Last year, after a failed referendum, many people stayed closely involved in the next steps for the schools, because we care. To date, over $300,000 of taxpayer money has been spent on a combination of failed plans, PR firms, market research groups, and hiring new firms. All of this money designed to make a new plan.
The same Board of Education that pushed for the referendum now takes the position that we should forget about the first price tag of $133 million, which was said to be absolutely necessary: Let’s try again.
The District-sponsored market research committee found that the community at large had credibility issues with what the Board of Education was saying. A community-wide survey was issued to all households, and there were even hard copies available at libraries. As citizens, we were given a recap of what the community said, but were never given access to the data from the responses. The Board provided several various excuses for not disclosing the raw data, including that the general public was not educated enough to understand it, all the way to finger-pointing over who actually had the data.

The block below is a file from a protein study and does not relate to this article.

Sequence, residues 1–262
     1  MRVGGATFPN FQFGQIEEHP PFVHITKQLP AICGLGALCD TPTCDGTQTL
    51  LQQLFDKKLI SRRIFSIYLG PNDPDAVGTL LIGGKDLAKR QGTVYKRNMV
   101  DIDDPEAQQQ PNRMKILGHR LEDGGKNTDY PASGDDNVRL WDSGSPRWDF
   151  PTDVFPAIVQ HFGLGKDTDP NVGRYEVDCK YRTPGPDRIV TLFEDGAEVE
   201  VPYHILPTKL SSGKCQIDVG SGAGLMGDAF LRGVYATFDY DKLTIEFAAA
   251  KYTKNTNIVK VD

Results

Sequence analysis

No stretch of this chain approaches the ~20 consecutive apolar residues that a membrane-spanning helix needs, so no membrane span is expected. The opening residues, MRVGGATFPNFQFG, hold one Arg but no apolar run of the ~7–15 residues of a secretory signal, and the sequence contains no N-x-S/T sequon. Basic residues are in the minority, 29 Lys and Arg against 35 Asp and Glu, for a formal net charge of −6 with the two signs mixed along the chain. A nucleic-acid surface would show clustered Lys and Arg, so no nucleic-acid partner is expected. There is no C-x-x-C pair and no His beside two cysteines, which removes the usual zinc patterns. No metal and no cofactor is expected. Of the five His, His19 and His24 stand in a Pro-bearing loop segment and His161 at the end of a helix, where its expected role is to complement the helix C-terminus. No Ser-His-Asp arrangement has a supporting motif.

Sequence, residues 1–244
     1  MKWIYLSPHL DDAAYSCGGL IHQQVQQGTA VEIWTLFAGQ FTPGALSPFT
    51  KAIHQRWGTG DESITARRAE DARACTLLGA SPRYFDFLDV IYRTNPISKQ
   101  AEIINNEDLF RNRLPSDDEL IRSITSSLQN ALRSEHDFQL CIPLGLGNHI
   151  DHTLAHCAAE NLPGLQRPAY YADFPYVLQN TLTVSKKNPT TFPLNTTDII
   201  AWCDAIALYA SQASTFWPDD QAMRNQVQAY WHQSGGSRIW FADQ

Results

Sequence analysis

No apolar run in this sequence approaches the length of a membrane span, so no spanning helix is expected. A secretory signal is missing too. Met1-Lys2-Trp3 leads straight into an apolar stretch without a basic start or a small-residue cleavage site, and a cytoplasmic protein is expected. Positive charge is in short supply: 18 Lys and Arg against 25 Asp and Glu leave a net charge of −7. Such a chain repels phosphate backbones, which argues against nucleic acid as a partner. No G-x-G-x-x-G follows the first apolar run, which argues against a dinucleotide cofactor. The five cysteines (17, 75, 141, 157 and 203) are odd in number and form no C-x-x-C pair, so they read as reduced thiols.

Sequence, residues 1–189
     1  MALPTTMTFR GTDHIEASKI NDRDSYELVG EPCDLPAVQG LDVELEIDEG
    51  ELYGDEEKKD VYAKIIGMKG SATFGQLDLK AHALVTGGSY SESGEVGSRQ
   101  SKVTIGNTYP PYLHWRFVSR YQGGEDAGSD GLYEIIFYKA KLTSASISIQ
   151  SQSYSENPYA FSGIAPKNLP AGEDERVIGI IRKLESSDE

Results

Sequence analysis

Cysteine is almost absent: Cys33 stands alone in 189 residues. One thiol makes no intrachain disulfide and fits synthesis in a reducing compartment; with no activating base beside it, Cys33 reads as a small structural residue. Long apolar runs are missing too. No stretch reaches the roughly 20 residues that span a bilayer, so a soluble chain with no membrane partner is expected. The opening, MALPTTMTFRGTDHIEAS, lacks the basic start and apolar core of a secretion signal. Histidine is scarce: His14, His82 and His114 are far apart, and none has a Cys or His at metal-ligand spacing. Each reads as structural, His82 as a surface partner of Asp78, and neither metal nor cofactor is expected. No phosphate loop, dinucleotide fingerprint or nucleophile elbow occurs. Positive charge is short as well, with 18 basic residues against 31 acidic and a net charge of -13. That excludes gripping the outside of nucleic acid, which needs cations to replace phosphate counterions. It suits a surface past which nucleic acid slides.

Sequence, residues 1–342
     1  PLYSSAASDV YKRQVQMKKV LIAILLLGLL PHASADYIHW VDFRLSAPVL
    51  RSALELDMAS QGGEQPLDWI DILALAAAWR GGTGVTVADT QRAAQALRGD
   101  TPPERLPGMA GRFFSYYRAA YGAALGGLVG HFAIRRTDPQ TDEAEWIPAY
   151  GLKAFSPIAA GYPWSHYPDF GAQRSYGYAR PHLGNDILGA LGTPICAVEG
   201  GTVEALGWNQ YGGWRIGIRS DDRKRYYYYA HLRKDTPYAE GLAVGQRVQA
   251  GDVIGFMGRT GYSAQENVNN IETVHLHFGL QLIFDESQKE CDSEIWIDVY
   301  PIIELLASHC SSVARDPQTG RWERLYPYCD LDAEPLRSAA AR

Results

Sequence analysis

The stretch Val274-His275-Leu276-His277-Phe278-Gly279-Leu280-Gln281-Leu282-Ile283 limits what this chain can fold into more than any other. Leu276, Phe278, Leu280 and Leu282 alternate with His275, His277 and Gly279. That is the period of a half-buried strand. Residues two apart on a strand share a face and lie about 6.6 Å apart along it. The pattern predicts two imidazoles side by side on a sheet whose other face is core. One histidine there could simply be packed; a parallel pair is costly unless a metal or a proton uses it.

The Board of Education missed a good opportunity to restore their tarnished reputation. Sadly, now it is too late. Any creditability factor has vanished, even if the data still exists.
We all have heard numerous times about the 100 or so people who served on the committees, all their hours invested, and their findings. On paper, all of this sounds great, but when looking past the statements, the working groups were heavily weighted by Board of Education members, paid employees, vendors who work for the District, and then finally some well-intentioned community members. The deck was stacked from the start.
An oversight committee, which became a steering committee, and then became a cheering committee, was supposed to sort through all the input.